The notion of a traditional Labor Day kickoff for general election politicking wilted in the summer heat this year as an onslaught of outside spending and negative attacks jolted Georgia.
Loosened restrictions on outside spending, combined with Georgia’s most competitive governor’s and U.S. Senate races in more than a decade, have brought an endless campaign season — deluging voters earlier than normal.
“My mind is so adamantly made up, so it’s just a waste of time at this point. It’s tiresome. And it gets annoying when the ads attack a candidate I’ve chosen — especially when I find them unfair,” said Jennifer Simmons, a 52-year-old Alpharetta accountant. “It just cements my opinion that much stronger, that I’ve made my choice.”
Simmons and those like her end up as collateral damage as the campaigns and their allied political action committees seek impressionable voters who are paying only passing attention to politics. The battles atop Georgia’s ticket have attracted national attention and money to an unprecedented degree this early.
A surge of outside money
Outside money has surged most into the U.S. Senate contest, a key race that could decide which party controls the chamber next year.
The fiscally conservative Ending Spending Action Fund Super PAC has spent $1 million since late July to attack Democrat Michelle Nunn, much of it as Republican David Perdue was crossing the finish line in a draining primary runoff. The National Republican Senatorial Committee reserved $2.5 million of airtime in August and September to bash Nunn, as well.
The American Chemistry Council, a trade group for chemical companies, spent $720,000 on ads promoting Perdue as a future partner to Republican U.S. Sen. Johnny Isakson of Georgia.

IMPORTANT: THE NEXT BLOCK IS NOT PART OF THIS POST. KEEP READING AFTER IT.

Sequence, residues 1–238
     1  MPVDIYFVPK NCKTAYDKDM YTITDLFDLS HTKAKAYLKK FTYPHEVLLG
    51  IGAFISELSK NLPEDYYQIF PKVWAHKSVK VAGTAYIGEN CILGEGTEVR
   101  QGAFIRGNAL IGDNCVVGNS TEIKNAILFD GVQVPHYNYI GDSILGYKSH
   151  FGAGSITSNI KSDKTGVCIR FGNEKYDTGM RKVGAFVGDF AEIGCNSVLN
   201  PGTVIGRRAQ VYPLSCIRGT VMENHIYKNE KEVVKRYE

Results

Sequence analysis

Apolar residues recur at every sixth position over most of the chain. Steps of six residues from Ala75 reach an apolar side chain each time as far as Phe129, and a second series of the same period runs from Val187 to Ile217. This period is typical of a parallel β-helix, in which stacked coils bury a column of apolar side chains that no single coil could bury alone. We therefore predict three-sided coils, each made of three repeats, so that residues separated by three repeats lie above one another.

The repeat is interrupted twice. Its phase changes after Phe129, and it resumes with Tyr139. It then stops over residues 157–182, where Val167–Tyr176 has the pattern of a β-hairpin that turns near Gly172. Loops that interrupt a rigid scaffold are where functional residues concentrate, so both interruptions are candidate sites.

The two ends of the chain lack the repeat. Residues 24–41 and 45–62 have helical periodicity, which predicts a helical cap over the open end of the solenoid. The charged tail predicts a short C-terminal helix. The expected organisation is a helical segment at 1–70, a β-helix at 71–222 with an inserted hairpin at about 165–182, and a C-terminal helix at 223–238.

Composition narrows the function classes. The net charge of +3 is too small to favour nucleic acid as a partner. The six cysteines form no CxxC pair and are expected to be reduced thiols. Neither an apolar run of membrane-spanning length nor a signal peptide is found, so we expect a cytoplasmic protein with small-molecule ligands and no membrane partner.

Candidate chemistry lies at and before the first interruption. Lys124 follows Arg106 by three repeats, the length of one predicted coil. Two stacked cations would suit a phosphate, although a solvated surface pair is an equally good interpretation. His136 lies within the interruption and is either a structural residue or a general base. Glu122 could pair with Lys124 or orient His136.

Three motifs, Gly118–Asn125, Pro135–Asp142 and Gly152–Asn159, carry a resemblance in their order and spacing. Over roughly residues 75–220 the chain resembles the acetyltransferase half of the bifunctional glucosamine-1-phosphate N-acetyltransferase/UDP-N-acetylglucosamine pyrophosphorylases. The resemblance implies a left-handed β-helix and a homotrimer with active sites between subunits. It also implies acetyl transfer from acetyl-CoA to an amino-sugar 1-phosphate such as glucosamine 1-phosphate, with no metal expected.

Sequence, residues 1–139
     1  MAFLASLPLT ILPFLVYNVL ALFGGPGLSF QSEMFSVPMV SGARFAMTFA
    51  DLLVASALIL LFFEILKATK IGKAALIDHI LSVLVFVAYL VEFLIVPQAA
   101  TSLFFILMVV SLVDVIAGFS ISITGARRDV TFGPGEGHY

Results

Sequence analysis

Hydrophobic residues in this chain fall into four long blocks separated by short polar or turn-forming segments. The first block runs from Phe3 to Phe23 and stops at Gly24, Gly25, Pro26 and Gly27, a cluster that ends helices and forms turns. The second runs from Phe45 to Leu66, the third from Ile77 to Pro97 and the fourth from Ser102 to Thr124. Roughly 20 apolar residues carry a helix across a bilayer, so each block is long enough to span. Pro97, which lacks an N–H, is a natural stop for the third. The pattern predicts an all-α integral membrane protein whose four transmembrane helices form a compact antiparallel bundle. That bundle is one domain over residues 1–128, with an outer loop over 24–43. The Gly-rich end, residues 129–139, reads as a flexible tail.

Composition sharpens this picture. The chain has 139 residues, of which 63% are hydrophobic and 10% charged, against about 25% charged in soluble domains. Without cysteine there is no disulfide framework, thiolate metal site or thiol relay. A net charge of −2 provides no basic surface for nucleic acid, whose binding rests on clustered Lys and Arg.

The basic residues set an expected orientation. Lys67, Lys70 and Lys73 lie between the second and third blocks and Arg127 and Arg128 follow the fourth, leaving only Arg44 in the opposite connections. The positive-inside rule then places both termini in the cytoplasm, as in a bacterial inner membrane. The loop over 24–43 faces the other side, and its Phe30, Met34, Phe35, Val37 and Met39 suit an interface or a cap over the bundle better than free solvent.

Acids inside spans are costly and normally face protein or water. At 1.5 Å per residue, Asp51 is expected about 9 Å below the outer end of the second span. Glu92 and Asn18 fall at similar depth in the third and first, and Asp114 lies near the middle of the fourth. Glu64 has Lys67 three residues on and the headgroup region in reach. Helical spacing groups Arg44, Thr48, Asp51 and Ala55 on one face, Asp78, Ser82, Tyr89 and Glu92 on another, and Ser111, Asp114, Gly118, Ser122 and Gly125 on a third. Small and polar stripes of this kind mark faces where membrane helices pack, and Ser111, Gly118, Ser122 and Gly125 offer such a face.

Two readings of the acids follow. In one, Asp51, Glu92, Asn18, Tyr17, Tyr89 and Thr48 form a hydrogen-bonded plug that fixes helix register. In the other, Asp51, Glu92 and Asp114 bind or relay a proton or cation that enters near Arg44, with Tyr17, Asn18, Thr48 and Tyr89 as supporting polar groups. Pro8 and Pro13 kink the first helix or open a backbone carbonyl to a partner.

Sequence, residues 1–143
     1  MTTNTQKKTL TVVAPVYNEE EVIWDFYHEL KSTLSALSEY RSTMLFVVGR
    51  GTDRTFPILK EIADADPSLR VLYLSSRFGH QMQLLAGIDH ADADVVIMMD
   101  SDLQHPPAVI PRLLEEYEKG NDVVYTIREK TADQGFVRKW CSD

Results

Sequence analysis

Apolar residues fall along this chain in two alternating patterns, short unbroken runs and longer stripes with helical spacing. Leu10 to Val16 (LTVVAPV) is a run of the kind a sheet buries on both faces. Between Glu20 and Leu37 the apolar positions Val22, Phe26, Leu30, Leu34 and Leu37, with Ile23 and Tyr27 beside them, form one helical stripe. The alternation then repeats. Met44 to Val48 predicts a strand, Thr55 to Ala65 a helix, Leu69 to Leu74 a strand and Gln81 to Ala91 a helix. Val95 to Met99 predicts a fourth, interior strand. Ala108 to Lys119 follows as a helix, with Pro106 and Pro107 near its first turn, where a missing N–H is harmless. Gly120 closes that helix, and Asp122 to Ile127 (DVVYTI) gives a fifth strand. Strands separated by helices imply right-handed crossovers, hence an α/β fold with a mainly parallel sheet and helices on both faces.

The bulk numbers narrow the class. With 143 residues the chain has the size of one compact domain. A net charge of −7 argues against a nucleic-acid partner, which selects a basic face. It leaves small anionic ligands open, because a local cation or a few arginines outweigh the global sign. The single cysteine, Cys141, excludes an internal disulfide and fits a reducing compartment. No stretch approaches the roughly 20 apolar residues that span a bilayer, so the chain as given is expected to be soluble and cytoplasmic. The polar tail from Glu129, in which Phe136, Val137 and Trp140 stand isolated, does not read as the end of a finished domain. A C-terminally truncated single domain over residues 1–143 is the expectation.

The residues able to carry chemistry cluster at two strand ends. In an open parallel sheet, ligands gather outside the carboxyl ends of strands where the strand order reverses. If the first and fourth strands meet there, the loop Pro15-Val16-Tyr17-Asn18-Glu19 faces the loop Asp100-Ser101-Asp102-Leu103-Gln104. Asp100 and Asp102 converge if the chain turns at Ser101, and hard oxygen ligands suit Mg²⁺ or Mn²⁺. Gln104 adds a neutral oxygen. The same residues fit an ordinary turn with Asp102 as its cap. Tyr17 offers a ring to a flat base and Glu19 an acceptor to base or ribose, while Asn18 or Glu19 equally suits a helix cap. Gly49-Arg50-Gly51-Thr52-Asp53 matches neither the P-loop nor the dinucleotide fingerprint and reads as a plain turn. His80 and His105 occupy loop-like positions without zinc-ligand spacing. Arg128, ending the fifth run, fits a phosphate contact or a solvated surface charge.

The Nunn campaign spent more than $2 million on ads of its own in late July and August, and it went negative on Perdue in response to the attacks on her. Emily’s List, a group that backs women who support abortion rights, jumped in the fray with a $1 million buy in late August attacking Perdue.
The money and the vitriol is flowing as well in Republican Gov. Nathan Deal’s race against Democrat Jason Carter.
The Republican Governors Association dropped $1.5 million on ads that cast Carter as a “liberal trial lawyer” and questioned his willingness to expand Medicaid. Campaign finance disclosures show that Deal’s campaign, at the least, has spent an additional $2.4 million this year on TV and digital ads.
More outside help for the governor could soon be on the way. The RGA has reserved time to unleash a new volley of ads boosting Deal as November nears. And the governor is also courting casino mogul Sheldon Adelson, a billionaire who is a major GOP benefactor, to chip in to his campaign.
Carter’s campaign has poured more than $1.3 million into ad buys. But while the Democrat has outraised Deal by more than $1 million this year, he has had little backing from powerful outside organizations such as the Democratic Governors Association.
A Senate barrage
Two key factors have produced the onslaught.
First, this is the most competitive statewide election year for Georgia since 2002, when Republicans Sonny Perdue — David’s cousin — and Saxby Chambliss toppled incumbent Democrats for governor and U.S. senator, respectively. That year, the primary elections were delayed until late August because of redistricting, and Gov. Roy Barnes’ record-setting war chest allowed him to start his television barrage in April.
Second, a new era in campaign finance has arrived since federal court decisions in 2010 set the stage for “Super PACs,” outside groups that can raise and spend unlimited amounts as long as they don’t coordinate with campaigns.
Ending Spending, started by Ameritrade founder Joe Ricketts, falls into this category. It had raised $4.7 million from just 11 donors in this election cycle through July.